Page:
The interface is the first application component that users experience. If the users are unsatisfied with
the
interface, then regardless of whether or not the underlying business logic and workflow meet
project requirements, the project will not be a success. It is absolutely essential to involve users in the
project as a whole and the interface in particular as e
arly in the project as is possible.

D
efine specific technology requirements

This section of the project plan would define the technologies
required for

developing, supporting and
maintaining the application.


2.2

Architecture

This section of the document pro
vides the technical blueprint of the application. Expect to use mock
-
up
screenshots, sample designs, diagrams, workflow models (e.g. UML) and considerable detail in
describing exactly how the application is going to work.


Functional Specifications

Func
tional specifications include details regarding how the application will interface with, for example,
legacy applications, provide database models and describe the relationships between the different data
entities, and detail how each component of the appl
ication
interacts with every other component.


Technical Specifications

Technical specifications might include the following:




Network Diagrams



Platform specifications



Development languages



Peripheral specifications


Security Specifications

If security is
integral to the application being developed, then
consider a specific section to document
the security specifications relating to the application and supporting infrastructure.

2.3

Development

This section of the document would describe the features to be inc
luded in each release or phase of the
development process.





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Project Resources

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2.4

Testing

This section describes both he overall approach to testing as well as provides details on what will be
tested, when the testing will occur and who will be responsible for the testing.


Software development is an iterative process, and is tested constantly. That said, only the testing
process need be documented, especially if the testing requires client interaction or includes a formal
feedback and bug reporting process.


Details regar
ding the formal feedback process should also be documented in this section. A sample bug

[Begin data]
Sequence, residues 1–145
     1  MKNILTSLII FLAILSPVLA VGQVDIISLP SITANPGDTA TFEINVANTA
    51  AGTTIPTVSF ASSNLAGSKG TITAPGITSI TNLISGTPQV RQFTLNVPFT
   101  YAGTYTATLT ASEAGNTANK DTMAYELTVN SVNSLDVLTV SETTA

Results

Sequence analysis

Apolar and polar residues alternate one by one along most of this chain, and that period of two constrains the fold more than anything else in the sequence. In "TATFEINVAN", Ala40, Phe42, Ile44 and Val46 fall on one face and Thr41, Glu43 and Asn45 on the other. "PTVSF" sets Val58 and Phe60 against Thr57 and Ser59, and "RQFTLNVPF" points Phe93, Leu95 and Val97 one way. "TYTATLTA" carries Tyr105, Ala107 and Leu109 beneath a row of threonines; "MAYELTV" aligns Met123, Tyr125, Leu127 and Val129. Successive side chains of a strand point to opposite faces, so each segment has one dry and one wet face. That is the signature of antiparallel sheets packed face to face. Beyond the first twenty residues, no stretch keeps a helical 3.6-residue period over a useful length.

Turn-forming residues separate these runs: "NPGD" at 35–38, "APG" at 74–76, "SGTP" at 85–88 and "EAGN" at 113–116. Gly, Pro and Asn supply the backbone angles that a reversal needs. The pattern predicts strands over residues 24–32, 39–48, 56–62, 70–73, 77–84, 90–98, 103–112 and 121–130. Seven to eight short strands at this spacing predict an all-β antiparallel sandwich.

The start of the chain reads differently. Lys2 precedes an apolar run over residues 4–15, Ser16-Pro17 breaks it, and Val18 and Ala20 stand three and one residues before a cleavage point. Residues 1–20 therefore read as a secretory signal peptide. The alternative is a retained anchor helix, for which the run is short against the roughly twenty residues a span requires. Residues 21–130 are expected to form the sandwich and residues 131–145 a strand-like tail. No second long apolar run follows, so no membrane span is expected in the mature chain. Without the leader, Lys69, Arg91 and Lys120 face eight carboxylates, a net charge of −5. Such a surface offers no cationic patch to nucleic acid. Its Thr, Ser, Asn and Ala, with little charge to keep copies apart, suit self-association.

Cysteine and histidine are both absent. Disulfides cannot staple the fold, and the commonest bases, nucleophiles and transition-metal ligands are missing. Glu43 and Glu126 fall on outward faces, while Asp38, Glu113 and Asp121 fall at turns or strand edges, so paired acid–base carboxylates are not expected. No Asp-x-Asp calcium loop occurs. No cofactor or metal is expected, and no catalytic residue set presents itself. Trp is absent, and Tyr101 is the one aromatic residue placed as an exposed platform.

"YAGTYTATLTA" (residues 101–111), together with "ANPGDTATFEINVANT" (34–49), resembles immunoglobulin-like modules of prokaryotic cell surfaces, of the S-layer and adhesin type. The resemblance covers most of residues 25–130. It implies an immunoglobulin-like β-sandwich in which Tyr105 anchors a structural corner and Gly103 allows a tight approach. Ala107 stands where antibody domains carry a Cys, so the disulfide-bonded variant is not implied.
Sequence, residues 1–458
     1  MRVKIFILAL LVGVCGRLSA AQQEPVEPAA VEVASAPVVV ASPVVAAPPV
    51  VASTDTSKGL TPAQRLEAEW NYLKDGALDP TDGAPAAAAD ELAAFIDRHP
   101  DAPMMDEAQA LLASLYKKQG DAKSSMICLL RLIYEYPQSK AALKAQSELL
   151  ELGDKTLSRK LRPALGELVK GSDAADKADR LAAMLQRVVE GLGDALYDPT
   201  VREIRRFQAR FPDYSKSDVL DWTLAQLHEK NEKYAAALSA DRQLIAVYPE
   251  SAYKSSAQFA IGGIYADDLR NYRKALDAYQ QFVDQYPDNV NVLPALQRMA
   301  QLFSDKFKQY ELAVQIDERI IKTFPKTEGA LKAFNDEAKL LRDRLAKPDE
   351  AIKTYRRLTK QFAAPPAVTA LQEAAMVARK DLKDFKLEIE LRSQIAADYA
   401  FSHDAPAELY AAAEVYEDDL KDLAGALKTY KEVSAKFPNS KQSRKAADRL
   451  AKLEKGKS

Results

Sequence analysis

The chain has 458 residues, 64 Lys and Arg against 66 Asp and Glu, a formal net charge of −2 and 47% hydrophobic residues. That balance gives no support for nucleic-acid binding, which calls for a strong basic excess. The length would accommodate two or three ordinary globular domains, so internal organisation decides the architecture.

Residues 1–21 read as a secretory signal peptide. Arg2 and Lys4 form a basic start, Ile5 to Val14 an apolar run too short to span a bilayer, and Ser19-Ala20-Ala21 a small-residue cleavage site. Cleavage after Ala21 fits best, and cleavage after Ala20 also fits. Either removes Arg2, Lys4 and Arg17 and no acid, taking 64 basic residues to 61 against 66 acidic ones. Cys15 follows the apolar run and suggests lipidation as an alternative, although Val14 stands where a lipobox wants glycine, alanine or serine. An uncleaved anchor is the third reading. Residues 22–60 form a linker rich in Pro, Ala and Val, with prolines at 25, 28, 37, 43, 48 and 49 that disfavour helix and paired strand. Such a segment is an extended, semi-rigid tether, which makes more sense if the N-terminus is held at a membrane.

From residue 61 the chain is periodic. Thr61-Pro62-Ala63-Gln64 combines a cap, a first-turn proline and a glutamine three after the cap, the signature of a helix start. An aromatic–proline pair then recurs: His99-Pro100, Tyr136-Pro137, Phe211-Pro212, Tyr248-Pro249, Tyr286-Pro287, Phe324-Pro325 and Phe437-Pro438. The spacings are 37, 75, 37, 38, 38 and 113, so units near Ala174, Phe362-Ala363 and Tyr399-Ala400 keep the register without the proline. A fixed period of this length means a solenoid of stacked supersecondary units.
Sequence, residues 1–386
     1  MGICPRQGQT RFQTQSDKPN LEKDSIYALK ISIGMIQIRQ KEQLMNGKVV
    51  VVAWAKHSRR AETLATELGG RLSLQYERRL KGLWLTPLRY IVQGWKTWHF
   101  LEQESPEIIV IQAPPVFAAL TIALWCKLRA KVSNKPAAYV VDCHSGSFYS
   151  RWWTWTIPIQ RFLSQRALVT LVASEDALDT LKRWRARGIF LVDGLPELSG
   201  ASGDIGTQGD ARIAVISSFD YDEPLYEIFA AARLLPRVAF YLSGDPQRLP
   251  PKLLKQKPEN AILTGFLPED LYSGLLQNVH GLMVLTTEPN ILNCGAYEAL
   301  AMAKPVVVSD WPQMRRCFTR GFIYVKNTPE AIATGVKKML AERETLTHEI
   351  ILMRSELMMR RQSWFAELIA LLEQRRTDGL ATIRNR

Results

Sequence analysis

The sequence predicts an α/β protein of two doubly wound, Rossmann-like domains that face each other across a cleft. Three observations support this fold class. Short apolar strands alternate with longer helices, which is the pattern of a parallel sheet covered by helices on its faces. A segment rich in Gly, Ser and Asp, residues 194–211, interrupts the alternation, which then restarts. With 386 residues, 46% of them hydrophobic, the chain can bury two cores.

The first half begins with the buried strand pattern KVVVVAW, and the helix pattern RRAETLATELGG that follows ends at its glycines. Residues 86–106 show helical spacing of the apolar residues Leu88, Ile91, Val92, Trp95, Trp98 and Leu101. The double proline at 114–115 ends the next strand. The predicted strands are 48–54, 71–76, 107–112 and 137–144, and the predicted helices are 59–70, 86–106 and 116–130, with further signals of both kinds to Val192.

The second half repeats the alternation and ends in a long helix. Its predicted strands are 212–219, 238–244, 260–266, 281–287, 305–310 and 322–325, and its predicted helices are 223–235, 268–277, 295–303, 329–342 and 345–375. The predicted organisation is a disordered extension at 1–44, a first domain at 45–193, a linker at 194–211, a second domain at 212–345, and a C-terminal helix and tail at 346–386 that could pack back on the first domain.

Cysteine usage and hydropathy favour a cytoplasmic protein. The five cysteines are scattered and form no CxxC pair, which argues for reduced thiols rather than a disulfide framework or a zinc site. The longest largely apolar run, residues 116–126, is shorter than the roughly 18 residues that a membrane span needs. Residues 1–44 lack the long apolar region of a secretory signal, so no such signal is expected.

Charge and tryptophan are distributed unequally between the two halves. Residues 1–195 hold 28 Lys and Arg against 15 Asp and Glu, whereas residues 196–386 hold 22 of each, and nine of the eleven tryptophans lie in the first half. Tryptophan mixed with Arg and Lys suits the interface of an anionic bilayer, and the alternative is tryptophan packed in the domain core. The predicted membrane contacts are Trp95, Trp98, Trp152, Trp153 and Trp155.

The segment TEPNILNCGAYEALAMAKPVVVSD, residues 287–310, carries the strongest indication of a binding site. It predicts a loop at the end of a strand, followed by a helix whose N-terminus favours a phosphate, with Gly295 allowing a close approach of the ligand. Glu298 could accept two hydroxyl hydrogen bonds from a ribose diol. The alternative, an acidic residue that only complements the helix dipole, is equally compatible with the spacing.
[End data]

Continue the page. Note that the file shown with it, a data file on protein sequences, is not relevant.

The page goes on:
tracking form can be provided. If you have access to web based bug tracking software
, then the client
should be informed that such tracking will be done electronical
ly.



2.5

Deployment


Major Milestones

This section should be used to define project milestones. Milestones are often times linked to a
contract payment schedule. If this is the case for your project, then the milestones should be
referenced in the payment s
chedule section of the project contract.

3

Project Resources


3.1

Roles and Responsibilities

This section of the project plan should define the various roles and responsibilities of the members of
the project team. Also consider including their level of authori
ty within their scope of responsibility (e.g.
approve, support, or conduct).


If staffing is subject to change, then it is important to note that here.


3.2

Issue Escalation

Project problems need to be resolved quickly. If no resolution can be made regardin
g the conflict, then
the project manager and the client will need a
path to escalate
and manage
issues
.


3.3

Project Staffing Plan

The project staffing plan lists the human resources and skill sets that will be required to complete the
project. An applicati
on development project will usually require: project management and planning,
systems design, business and technical analysis, programming, testing, documentation, network
engineering, and training. Each skill set would be listed with a detailed descript
ion of the role.




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Project Resources

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Also consider including the Resource Breakdown Structure in this section of the project plan document.
This provides a basis for cost estimating and is fundamental to understanding resource allocation during
the course of the project.


3.4

P
roject Materials

What other materials are required to complete the project? For most application development projects,
this would include hardware, physical networking infrastructure, peripherals, co
-
location space and
licensing.




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Project Approach

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4

Project

Approach


4.1

Dev
elopment Model

This section describes the application development to be
used (
e.g. Microsoft Solutions Framework,
rapid application development, agile development). These
methodologies are

complimentary to
standard Project management Institute (PMI) metho
dologies.


It is important to also describe the various stages or phases of development and detail which
components or milestones will be delivered during each phase.